- Published: November 24, 2021
- Updated: November 24, 2021
- Language: English
- Downloads: 4
The issue is whether Barry can insist on the existence of the contract for renewal of his employment and, if not, whether he can rely on promissory estoppel. Another issue in the following case is whether Barry has a right to receive promised bonus.
In common law contract can be defined as legally binding agreement between two or more competent parties. In order for a contract to be valid, it has to contain necessary elements – offer and acceptance, consideration and legal intention of the parties to enter into a contract. Even if one of those elements is missing, an agreement may not be deemed as a legally binding contract.
Offer and acceptance serves as an initial step in the formation of the contract. One of the parties (offeror) expresses his intention to be obligated by the terms of the agreement. This step is usually followed by the acceptance of the terms of the agreement by the other party, offeree. Offer and acceptance must be supported by a consideration. Consideration can be anything of value, usually goods or services that the contracting parties must exchange with each other. Also, consideration may take the form of promised actions or forbearance from certain actions.
Intention to be legally bound by the contract is usually assessed on the basis of an objective test which defines whether a reasonable person, considering the circumstances of the case, would assume that the parties intended to enter into legally binding agreement.
Offer is an initial step in the formation of the contract. Offer is an act of expression of willingness to be legally bound by the terms of the contract, provided that the party to whom the offer is addressed accepts the latter. One of the important requirements is that the offer must contain vital terms that constitute the essence of the contract. For example, a sale of goods offer must include a description of goods/services and the price.
Acceptance of the offer must be made with the full knowledge and understanding of the offer and be unequivocal. (Law Handbook)
In Smith v Hughes, the court established a rule according to which in order to determine whether the contract is valid, the intent of the parties must be objectively clear to a reasonable person who is not a party to the contract. It entails yet another requirement to the contract formulated in the Latin phrase “ consensus ad idem”, which means “ agreement to the same thing” and is similar to “ meeting in minds” concept. Essentially, it means that if the parties do not have a common understanding of the contracts ‘ object, there can be no legally binding agreement between the parties and the contract may subsequently be deemed void.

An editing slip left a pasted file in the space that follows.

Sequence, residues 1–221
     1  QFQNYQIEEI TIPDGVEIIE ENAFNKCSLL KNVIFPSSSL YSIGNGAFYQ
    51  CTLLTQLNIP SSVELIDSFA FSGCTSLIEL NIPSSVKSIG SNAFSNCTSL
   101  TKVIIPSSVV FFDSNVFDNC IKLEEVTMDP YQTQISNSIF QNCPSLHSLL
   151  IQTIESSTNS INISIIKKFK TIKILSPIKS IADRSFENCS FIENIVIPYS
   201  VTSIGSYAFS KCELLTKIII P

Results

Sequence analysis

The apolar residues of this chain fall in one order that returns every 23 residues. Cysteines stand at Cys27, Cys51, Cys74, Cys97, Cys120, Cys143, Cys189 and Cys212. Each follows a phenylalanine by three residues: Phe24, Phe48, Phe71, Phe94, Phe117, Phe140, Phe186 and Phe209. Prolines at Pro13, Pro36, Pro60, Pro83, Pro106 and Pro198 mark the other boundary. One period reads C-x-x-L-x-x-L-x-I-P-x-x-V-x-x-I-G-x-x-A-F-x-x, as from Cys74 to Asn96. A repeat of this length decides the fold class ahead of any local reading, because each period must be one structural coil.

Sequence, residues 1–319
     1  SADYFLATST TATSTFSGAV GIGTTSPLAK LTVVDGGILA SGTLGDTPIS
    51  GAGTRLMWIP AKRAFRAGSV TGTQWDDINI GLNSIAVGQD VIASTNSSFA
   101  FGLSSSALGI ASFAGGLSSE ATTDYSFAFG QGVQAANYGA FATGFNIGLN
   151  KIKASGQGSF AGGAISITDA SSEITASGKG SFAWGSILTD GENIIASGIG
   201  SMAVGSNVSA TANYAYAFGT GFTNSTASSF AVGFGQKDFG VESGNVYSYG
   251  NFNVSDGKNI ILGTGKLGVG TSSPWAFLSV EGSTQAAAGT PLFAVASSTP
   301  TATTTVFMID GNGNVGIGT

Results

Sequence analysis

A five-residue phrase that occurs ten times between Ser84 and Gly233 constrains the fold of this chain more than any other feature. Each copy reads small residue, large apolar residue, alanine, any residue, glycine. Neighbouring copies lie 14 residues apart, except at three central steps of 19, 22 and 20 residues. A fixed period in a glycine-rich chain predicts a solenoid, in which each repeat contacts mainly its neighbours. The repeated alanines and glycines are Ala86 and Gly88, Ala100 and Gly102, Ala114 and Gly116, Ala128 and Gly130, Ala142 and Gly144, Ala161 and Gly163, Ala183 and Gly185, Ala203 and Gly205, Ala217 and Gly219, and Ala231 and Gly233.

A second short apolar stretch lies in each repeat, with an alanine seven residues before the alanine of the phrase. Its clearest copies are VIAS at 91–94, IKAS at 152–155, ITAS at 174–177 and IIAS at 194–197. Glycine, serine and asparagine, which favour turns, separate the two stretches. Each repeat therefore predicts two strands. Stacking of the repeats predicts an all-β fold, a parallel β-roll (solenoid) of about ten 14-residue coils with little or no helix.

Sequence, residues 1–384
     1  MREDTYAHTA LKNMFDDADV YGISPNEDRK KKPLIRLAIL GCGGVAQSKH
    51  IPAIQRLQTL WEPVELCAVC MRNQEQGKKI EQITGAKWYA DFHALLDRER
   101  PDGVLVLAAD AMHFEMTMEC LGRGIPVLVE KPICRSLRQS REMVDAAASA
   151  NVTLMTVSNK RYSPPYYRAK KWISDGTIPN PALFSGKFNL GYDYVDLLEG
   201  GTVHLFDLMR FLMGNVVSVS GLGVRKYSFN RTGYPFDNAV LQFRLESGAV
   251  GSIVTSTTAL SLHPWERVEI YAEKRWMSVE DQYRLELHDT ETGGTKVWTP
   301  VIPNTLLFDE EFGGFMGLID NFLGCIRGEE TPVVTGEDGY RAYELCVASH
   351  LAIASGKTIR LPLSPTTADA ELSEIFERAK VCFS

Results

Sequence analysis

Estoppel is a general legal principle according to which a person is barred from alleging of certain facts that are contrary to any acts or deeds that were previously established either by that same person or judicial or legislative officials. One of the major types of estoppel is promissory estoppel. The promissory estoppel might be used as special legal relief when one party makes a promise (promisor)to the other party(promisee) and later revokes that promise.(Black`s Dictionary)
The doctrine of promissory estoppel was first established in Hughes vs. Metropolitan. In that case, the plaintiff sued the defendants for the breach of the contract wherein it was stipulated that defendants (tenants) must repair leased buildings within a sixth month after the notice made by the plaintiff (the owner of the building). The notice by the plaintiff was followed by the defendant`s offer to purchase the building. Negotiations lasted for about a month and eventually came out to be unsuccessful. At the end of the sixth month term, the plaintiff sued the defendant for the breach of the contract (repair requirement). House of Lords ruled that it was unfair from the side of the plaintiff to sue tenants for the failure to make repairs, as during the negotiations it was implied that the sixth month term should be stalled. The court ruled that if one party reasonably relies on the implied promise that was made during the negotiations, it is unfair to act against that promise.(Hughes v Metropolitan)